The key advantage of pool mining is the regularity of rewards. While each individual reward will be smaller than the full block reward a solo miner would get, you're likely to get rewarded more frequently. This makes mining more predictable and reduces the risk of going for a long period without receiving a reward.

The downside is that you have to trust the pool operator to distribute the rewards fairly, and some operators may charge fees for participation in the pool.

In both cases, it's important to remember that mining consumes a lot of electricity and can generate significant heat, which might require additional cooling. Moreover, the competitiveness of the mining process requires high-grade hardware, which can be costly. Always evaluate the costs and potential returns before diving into mining cryptocurrency, be it monero or any other.

Why can you mine monero anywhere?

Monero is more practical to mine on consumer hardware thanks to its proof-of-work (#PoW) algorithm RandomX, which is designed to be more efficient on CPUs (Central Processing Units). This is in stark contrast to many other cryptocurrencies such as #bitcoin (BTC) , which use algorithms that have become heavily optimized for specific hardware like #ASICs (Application-Specific Integrated Circuits).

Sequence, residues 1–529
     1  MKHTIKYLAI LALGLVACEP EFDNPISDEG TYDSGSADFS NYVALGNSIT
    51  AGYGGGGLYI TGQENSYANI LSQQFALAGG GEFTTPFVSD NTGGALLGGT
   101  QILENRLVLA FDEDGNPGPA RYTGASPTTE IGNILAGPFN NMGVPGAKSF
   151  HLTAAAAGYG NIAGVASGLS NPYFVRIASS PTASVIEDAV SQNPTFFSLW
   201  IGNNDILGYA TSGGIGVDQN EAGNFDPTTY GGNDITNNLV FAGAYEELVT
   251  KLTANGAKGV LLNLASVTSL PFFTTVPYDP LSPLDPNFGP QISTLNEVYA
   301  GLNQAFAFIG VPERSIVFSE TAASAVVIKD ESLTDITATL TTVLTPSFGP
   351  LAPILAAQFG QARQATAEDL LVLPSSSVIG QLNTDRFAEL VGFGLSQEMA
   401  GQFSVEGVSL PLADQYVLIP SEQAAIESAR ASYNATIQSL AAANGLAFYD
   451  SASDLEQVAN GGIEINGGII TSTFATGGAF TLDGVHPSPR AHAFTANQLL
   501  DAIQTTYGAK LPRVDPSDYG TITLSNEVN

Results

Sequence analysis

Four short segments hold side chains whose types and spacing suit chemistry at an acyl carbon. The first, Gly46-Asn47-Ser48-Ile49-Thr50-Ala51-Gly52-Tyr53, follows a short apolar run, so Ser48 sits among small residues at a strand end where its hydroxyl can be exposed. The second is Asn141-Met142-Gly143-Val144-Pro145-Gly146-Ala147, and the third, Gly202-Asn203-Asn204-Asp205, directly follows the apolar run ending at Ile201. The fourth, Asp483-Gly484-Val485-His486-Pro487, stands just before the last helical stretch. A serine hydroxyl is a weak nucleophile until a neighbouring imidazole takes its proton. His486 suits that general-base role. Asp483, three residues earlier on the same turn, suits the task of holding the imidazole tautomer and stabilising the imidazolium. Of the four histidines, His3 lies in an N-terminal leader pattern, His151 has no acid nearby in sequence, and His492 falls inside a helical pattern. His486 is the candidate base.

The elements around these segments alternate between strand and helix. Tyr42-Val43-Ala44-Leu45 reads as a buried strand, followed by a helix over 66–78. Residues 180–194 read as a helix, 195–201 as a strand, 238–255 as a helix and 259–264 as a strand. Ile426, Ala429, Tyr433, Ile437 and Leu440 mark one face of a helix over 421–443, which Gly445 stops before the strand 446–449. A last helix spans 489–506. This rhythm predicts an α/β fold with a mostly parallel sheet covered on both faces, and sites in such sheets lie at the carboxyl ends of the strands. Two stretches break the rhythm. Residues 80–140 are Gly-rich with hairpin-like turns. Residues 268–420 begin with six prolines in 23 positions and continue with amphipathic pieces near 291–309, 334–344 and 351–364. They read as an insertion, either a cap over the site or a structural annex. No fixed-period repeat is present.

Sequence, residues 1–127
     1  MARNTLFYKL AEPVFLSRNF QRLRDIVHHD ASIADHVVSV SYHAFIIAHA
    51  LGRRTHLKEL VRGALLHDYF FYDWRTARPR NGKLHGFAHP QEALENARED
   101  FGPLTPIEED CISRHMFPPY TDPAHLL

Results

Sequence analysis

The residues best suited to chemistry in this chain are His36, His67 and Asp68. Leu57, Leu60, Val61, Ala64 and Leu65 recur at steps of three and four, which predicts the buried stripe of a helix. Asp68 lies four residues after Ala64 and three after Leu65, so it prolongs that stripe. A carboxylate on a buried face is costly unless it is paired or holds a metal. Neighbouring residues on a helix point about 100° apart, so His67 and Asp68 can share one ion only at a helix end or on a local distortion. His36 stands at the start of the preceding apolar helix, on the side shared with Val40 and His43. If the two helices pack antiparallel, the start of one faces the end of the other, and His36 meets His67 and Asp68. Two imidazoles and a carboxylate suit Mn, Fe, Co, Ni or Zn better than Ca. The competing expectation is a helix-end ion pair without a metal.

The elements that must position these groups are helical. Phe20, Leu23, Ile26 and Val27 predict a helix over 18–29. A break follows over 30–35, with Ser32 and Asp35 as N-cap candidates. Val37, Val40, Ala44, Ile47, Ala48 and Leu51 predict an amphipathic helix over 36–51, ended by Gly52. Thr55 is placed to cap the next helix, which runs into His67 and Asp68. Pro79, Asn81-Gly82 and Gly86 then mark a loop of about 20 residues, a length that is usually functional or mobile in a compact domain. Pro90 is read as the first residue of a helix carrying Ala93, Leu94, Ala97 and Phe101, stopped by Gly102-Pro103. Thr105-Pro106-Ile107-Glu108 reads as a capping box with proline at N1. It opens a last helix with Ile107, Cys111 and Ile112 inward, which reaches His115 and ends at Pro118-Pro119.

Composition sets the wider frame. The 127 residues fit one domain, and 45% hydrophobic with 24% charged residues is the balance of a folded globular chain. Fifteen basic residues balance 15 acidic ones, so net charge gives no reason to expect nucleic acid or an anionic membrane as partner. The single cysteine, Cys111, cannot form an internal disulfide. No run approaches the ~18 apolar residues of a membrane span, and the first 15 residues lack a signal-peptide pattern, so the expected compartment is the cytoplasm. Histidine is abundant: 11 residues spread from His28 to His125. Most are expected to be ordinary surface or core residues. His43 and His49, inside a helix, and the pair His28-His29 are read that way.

RandomX was introduced in late 2019 to make monero mining more accessible and to help maintain the decentralization of the monero network. It uses a random code execution and memory-hard techniques to achieve ASIC resistance and is thus more CPU-friendly.

Here's how RandomX enables better mining performance on consumer hardware:

  1. Random Code Execution: The RandomX algorithm generates a pseudorandom program for each new hash that needs to be calculated. This program is then executed on a virtual machine, which has been designed to use features of modern CPUs. This essentially randomizes the mining process, making it difficult for ASICs to gain a significant advantage because their design cannot be optimized for random calculations.